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Ready, Freddy! Ready, Set, Snow! (#16)

by Abby Klein

Everybody knows shark expert Freddy Thresher is also a snowshoe whiz or is he? When Mrs. Wushy announces that the class will be competing in the mini-Winter Olympics, everyone is excited for the competition. But, after betting Max the bully that he will win the snowshoe race, Freddy heads straight for snowshoe boot camp, and fast!Will Freddy be able to win gold amid sled pulls and the infamous Snowball Toss?

Ready, Freddy! Shark Tooth Tale (#9)

by Abby Klein

Freddy Thresher has a problem: a really, really, big problem. His teacher wants the class to do reports on nocturnal animals, and everybody but Freddy has a really cool animal to study. How will Freddy find one? When his best friend, Robbie, says the two boys should have a sleepover and sneak outside at night, Freddy makes a huge mistake and ends up getting his late-night wish in a very unexpected way!

Ready, Freddy! Super-Secret Valentine (#10)

by Abby Klein

Meet the new kid on the block! It's Freddy Thresher, a first grader with a nose for trouble. It's not that he's trying to do anything bad. It's just that he's a boy who gets a little too creative and inventive when he has a problem.

Ready, Freddy! Yikes! Bikes! (#7)

by Abby Klein

Meet the new kid on the block! It's Freddy Thresher, a first grader with a nose for trouble. It's not that he's trying to do anything bad. It's just that he's a boy who gets a little too creative and inventive when he has a problem.

Ready New York CCLS 2014 English Language Arts Instruction Grade 4

by Curriculum Associates

This book uses best-practice teaching strategies and routines to help students in early grades develop reading comprehension skills assessed by the Common Core.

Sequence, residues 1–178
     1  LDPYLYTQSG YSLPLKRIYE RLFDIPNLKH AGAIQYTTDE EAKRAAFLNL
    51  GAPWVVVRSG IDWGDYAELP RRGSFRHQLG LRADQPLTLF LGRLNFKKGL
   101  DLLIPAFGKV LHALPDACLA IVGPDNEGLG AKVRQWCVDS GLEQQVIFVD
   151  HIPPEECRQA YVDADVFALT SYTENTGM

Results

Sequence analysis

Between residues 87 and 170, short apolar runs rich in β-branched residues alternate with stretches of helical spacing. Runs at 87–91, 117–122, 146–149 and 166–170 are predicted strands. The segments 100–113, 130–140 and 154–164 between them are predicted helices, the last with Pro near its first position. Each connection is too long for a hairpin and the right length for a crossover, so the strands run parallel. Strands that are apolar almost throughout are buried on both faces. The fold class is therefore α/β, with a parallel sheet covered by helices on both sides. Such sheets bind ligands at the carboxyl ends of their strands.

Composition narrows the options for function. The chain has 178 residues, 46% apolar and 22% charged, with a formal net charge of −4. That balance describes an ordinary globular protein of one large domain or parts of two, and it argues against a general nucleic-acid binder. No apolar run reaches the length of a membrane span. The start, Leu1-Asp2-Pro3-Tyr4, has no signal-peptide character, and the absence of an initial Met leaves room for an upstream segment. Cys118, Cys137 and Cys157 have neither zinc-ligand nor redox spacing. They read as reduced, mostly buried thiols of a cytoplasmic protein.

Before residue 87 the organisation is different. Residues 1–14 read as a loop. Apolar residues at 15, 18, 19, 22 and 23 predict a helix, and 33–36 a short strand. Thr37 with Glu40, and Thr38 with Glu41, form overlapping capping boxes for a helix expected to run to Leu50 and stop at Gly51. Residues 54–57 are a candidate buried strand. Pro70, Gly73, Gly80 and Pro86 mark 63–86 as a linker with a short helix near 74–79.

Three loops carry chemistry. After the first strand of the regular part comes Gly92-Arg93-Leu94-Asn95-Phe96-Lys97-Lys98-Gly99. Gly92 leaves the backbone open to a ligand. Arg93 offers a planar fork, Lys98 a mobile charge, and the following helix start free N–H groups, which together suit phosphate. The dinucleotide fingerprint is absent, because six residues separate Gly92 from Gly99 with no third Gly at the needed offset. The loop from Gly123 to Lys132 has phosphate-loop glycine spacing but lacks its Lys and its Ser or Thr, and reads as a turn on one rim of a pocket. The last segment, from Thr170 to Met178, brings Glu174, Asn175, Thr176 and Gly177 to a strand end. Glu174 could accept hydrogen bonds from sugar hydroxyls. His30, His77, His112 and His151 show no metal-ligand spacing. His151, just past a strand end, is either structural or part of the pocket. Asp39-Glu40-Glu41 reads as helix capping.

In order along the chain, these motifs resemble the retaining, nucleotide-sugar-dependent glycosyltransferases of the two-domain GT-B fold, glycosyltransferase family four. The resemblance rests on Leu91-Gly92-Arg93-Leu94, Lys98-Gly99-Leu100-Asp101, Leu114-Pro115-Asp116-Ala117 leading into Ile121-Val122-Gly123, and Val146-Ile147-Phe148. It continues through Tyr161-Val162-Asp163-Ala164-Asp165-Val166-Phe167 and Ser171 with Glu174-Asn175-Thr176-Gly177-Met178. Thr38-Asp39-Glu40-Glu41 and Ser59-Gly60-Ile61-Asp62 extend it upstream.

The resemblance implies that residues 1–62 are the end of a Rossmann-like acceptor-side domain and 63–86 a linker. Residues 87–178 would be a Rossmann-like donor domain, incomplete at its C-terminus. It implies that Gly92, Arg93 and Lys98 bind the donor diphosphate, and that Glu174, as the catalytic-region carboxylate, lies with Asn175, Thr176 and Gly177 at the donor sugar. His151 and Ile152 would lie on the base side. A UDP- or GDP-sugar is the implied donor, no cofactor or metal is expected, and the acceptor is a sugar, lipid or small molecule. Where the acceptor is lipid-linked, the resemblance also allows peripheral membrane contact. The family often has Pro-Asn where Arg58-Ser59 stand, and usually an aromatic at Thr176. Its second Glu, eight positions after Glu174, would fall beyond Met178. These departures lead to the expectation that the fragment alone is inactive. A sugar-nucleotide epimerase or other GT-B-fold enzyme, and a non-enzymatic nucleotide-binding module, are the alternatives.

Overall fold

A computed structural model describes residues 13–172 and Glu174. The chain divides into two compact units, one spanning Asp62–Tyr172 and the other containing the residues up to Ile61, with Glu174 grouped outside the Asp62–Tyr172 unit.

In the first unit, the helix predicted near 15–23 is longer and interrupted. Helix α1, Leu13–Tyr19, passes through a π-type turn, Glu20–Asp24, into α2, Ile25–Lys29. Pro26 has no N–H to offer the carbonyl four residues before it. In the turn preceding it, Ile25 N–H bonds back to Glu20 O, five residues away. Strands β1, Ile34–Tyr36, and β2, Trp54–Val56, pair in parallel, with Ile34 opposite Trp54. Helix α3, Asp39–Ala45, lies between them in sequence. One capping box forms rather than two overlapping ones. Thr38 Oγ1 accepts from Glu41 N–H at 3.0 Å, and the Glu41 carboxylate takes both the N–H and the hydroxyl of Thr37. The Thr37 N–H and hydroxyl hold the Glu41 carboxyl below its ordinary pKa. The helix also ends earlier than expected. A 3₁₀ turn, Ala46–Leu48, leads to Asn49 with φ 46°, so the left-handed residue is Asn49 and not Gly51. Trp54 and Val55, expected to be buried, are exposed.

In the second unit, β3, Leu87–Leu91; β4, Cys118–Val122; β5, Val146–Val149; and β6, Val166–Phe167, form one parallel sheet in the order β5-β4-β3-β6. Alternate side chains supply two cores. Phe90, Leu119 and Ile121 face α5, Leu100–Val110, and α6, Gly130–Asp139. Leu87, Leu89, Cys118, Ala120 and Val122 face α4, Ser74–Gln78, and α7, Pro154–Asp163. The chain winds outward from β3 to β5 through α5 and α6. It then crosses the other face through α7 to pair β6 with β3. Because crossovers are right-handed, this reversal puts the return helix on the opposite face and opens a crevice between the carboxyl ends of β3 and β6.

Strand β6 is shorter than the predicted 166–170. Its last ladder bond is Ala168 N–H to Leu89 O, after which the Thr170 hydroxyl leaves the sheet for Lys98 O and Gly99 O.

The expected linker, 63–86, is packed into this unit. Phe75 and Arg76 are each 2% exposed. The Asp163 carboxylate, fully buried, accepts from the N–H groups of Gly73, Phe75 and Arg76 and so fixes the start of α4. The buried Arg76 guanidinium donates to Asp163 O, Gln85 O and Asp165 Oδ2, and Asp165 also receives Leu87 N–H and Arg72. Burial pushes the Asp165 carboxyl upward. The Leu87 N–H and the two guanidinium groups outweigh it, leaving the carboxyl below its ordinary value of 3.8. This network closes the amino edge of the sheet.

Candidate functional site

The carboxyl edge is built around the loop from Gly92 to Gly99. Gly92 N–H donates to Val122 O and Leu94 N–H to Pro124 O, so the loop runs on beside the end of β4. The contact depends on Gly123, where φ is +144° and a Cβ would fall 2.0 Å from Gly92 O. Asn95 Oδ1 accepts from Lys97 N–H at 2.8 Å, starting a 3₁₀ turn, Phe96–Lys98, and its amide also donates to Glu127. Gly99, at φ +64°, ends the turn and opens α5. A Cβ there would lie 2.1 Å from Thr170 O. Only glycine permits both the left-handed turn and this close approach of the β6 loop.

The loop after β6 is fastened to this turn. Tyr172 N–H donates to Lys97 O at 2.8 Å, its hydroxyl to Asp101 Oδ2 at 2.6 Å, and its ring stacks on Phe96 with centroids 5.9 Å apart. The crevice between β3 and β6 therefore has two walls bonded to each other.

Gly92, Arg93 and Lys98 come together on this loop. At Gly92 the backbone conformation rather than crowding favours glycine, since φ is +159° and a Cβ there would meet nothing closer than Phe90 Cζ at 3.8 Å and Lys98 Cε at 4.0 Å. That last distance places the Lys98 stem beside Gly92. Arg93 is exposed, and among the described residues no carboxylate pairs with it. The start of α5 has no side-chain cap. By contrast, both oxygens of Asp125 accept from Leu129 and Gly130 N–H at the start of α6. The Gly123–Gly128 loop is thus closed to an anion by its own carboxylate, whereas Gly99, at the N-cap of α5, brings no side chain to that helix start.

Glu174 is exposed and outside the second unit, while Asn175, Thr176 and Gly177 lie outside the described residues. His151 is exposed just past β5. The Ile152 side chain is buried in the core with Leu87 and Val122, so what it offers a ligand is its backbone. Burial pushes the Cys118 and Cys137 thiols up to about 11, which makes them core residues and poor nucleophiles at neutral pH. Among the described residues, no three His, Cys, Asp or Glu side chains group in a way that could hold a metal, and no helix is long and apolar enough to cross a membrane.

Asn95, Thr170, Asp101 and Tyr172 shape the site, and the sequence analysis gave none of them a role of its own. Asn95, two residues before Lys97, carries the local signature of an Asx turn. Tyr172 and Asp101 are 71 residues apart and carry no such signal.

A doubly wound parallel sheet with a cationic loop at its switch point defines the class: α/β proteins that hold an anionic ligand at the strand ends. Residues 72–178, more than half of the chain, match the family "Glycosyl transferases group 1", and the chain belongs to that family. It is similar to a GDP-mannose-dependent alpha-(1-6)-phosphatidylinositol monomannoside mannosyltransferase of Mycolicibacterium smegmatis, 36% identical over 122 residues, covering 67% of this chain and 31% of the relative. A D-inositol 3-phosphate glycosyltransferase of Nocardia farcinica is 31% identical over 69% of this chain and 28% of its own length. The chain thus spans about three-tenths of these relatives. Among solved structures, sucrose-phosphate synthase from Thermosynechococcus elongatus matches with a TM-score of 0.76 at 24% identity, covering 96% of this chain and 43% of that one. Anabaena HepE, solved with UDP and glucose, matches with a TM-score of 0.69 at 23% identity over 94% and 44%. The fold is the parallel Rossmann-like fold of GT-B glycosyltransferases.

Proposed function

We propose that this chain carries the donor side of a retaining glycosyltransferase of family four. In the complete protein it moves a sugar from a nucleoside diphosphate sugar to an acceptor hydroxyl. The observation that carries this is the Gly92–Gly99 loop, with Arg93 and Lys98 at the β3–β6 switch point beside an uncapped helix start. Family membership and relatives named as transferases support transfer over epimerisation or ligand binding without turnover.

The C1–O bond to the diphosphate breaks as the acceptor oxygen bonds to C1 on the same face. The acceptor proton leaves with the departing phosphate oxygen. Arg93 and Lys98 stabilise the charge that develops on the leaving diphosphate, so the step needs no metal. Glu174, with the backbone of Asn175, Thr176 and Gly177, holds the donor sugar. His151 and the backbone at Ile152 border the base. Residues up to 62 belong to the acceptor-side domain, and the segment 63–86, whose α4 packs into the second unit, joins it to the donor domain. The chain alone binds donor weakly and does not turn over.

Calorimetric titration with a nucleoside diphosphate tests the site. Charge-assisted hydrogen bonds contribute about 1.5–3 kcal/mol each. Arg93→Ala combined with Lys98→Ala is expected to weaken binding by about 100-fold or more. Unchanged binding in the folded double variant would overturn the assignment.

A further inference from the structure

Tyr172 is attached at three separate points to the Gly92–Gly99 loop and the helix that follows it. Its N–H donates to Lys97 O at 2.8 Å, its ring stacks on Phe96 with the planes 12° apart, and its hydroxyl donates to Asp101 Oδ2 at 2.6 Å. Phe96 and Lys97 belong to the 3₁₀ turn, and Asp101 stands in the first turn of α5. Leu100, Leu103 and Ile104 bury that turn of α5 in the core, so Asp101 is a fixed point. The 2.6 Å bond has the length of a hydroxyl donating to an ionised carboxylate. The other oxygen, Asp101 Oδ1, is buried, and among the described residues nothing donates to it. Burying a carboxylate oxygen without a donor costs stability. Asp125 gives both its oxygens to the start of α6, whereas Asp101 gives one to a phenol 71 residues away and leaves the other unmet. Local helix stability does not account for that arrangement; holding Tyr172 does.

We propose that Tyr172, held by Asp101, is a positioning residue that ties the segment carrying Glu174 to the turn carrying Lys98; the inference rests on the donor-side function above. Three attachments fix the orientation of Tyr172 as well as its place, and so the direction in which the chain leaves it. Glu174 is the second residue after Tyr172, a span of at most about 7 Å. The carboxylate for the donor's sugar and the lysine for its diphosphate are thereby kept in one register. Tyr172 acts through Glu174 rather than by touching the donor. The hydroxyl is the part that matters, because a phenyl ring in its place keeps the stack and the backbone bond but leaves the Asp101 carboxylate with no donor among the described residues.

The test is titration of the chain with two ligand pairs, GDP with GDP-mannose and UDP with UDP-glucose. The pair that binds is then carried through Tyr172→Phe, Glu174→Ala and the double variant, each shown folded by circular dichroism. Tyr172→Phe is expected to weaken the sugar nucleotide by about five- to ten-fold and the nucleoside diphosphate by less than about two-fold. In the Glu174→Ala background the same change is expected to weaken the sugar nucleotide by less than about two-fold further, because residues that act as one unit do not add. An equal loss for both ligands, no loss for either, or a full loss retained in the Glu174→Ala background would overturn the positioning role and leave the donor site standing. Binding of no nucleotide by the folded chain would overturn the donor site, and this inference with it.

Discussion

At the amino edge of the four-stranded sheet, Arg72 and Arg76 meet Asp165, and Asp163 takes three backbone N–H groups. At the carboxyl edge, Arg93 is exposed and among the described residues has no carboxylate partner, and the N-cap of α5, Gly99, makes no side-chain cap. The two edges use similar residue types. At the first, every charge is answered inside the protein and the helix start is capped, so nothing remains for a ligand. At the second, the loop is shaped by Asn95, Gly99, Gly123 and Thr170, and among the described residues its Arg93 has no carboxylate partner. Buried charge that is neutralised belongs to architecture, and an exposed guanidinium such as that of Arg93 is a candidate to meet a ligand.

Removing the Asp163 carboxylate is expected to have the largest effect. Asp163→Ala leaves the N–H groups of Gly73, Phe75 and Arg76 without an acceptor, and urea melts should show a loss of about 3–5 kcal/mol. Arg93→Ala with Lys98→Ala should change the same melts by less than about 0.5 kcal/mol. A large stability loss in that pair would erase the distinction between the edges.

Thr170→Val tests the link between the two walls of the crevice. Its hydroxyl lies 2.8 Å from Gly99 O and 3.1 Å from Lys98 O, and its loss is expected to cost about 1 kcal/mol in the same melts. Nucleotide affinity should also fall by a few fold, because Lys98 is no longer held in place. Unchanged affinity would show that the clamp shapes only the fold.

Ready New York CCLS Mathematics Instruction 2 (Common Core Edition 2014)

by The Editors at the Curriculum Associates

Learn more about math basics, and how to think with numbers.

Ready or Not, Dawdle Duckling

by Toni Buzzeo

One Mama Duck plays hide-and-seek. ONE, TWO, THREE ducklings disappear. But the fourth little duckling ... Gets some help from his friends! Will Mama be able to find him when he's hiding behind Turtle, or Frog, or Fish? Ollie, ollie, in free! Here's a happy, funny tale of friendship, cooperation, and the joy of play.

Ready or Not (Morgan Connor Stories, 1)

by Mary Stolz

Morgan, Julie, and Ned Connor and their father Dan live in New York City. A poor family, they constantly have to move from one building to another to make ends meet. Morgan, the oldest at sixteen, cares for the rest of the family, escaping sometimes from her many responsibilities by daydreaming of a mysterious boy she might meet one day. When the family moves this time, however, Morgan meets a young man, Tom Miller, not realizing that she will fall in love with him. This novel follows the slow groth of Morgan and Tom's friendship and also looks at the two younger children, Ned and Julie, and at Dan's hard and frustrating life. He is an intelligent and poetically inclined man who works in a subway station. Written in the 1950's, this story is somewhat grittier and less lighthearted than many others of its day, but it also has hope and some optimism. A second book, The Day and the Way We Met, follows this one.

Ready, Set, Read!: The Beginning Reader's Treasury

by Stephanie Calmenson Joanna Cole

Created especially for children who are learning to read, this anthology contains renowned works with some of the best-loved characters in children's literature--including Else Holmelund Minarik and Maurice Sendak's Little Bear, Arnold Lobel's Frog and Toad, and the madcap creations of Dr. Seuss. Also included is poetry by Eve Merriam, Lilian Moore and Gwendolyn Brooks; as well as stories, poems, riddles and word games. An American Bookseller Pick of the Lists.

Ready, Set -- Regina!

by Lynn Cullen

Even though Regina knows she's a winner, when the grand spectacular she plans for her talent show performance doesn't turn out as she expects, she almost feels like a loser.